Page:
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Corona Economics

Marco Rubio leads bipartisan effort to help small businesses in relief package

Rubio wants small businesses to stay afloat and keep employees on the payroll.

The $2 trillion rescue deal the U.S. Senate is expected to approve this week includes $377 billion in aid for small businesses that agree to keep up payroll in the coronavirus-crippled economy, a measure Florida’s Republican Sen. Marco Rubio helped fashion.

Rubio and Maryland’s Democratic Sen. Ben Cardin, the chairman and ranking member of the Senate Committee on Small Business and Entrepreneurship, led efforts to create the small business portion of the coronavirus economic bailout bill. The Keeping American Works Paid and Employed Act focuses on providing money for small businesses to meet their payrolls and expenses, and to receive other assistance throughout the coronavirus pandemic.

“The unprecedented crisis facing our nation’s small businesses and their employees requires an immediate, bold response,” Rubio stated in a news release issued by the committee. “I am confident that we have assembled a bipartisan emergency relief package that will get cash to small businesses, and the Americans they employ, that desperately need it during this pandemic.”

The release also extended credit to Maine’s Republican Sen. Susan Collins and New Hampshire’s Democratic Sen. Jeanne Shaheen.

“American small businesses are facing an existential threat. The unprecedented public health measures cities and states have taken to slow the spread of COVID-19, while necessary to protect public health, are having a tremendous impact on small businesses in every community in America,” Cardin wrote in the release.  “Congress has a duty to ensure that America’s 30 million small businesses, and the 60 million people they employ, are not forced to bear the financial costs of keeping our communities safe on their own.”

Among the small business provisions:

— Creates the Paycheck Protection Program, a nearly $350 billion program to provide eight weeks of cash-flow assistance to small businesses through 100% federally guaranteed loans to employers who maintain their payroll during this emergency. If employers maintain their payroll, the loans would be forgiven.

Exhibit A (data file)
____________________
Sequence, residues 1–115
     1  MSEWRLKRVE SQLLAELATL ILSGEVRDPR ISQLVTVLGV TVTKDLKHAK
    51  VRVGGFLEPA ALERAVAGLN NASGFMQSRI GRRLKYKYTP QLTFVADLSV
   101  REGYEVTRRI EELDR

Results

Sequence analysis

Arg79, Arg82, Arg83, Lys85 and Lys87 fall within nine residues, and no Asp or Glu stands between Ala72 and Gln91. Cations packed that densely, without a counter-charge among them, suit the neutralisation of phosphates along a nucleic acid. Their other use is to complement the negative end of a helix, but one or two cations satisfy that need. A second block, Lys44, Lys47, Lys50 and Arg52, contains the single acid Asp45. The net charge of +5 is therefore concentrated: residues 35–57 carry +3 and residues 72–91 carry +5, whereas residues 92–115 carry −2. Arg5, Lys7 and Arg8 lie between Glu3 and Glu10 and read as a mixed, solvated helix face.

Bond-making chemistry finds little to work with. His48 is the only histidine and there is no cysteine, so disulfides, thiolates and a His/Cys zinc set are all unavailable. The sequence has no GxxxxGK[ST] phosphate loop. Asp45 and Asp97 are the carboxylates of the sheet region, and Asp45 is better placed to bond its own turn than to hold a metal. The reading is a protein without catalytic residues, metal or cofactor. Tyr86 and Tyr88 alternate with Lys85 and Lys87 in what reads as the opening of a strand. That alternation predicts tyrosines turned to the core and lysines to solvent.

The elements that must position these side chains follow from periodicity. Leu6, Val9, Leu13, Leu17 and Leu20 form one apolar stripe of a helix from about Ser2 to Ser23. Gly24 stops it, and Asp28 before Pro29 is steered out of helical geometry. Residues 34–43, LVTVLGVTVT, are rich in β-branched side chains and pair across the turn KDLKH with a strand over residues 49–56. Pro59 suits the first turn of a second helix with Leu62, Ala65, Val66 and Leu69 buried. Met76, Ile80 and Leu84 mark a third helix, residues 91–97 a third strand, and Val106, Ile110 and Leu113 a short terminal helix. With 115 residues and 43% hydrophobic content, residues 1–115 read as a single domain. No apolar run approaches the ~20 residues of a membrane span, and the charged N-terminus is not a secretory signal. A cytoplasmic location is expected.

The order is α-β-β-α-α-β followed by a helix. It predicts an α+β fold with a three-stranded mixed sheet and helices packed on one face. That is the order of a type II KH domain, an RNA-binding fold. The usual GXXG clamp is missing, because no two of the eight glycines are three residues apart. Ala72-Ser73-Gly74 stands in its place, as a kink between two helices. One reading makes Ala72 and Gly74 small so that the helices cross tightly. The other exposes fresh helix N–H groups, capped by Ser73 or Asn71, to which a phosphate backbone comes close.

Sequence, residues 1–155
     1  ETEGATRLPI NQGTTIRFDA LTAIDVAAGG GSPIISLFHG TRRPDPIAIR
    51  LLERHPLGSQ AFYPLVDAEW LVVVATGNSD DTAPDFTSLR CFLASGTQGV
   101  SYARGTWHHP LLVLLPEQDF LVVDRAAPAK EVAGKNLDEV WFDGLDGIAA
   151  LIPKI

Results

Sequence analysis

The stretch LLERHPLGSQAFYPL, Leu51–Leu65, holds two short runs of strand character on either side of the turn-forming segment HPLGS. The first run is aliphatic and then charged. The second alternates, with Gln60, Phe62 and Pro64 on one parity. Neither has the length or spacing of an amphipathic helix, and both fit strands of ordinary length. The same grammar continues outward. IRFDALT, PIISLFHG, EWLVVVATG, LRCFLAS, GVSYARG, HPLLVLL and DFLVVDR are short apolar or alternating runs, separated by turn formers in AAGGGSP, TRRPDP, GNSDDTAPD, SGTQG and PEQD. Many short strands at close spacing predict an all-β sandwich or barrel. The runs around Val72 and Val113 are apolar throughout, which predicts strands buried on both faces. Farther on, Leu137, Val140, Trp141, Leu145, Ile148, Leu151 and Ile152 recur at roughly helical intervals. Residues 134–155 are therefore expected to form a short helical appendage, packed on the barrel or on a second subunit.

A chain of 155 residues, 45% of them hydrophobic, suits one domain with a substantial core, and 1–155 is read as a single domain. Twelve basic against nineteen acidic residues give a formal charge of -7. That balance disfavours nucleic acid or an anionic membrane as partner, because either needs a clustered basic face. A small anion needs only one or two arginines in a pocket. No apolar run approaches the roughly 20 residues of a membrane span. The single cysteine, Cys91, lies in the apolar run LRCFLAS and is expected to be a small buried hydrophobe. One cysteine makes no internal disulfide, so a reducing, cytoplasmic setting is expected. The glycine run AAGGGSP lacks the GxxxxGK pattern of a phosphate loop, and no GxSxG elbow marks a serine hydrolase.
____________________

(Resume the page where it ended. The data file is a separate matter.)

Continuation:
— The program can cover payroll costs, paid sick leave, supply chain disruptions, employee salaries, health insurance premiums, mortgage payments, and other debt obligations to provide immediate access to capital for small businesses who have been impacted by COVID-19.

— Provides $265 million for grants to SBA resource partners to offer counseling, training, and related assistance to small businesses affected by COVID-19.

— Allows for expedited access to capital by establishing a $10 billion program for small businesses who have applied for an Economic Injury Disaster Loan, to request an advance of up to $10,000 on the loan to provide paid sick leave to employees, maintain payroll, and other debt obligations.

— Requires the Small Business Administration to pay all principal, interest and fees on all new and existing SBA loan products for 6 months, and provides $17 billion for this purpose.

Written By

Scott Powers is an Orlando-based political journalist with 30+ years’ experience, mostly at newspapers such as the Orlando Sentinel and the Columbus Dispatch. He covers local, state and federal politics and space news across much of Central Florida. His career earned numerous journalism awards for stories ranging from the Space Shuttle Columbia disaster to presidential elections to misplaced nuclear waste. He and his wife Connie have three grown children. Besides them, he’s into mystery and suspense books and movies, rock, blues, basketball, baseball, writing unpublished novels, and being amused. Email him at scott@floridapolitics.com.

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